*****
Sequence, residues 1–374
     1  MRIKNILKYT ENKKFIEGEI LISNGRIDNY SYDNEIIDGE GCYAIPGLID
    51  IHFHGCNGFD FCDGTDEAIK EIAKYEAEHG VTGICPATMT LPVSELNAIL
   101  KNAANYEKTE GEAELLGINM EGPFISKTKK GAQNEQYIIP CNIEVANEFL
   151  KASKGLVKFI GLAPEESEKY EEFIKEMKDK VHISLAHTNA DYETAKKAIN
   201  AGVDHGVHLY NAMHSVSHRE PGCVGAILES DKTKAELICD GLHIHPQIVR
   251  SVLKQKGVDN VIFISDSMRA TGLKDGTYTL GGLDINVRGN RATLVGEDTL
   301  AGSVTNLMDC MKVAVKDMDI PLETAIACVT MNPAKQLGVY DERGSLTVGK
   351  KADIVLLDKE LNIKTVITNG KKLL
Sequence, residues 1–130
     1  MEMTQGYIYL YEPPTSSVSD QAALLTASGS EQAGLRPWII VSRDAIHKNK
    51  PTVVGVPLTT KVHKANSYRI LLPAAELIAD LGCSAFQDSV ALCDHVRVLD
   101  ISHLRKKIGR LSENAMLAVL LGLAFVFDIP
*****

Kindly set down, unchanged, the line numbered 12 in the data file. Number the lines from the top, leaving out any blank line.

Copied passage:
    51  PTVVGVPLTT KVHKANSYRI LLPAAELIAD LGCSAFQDSV ALCDHVRVLD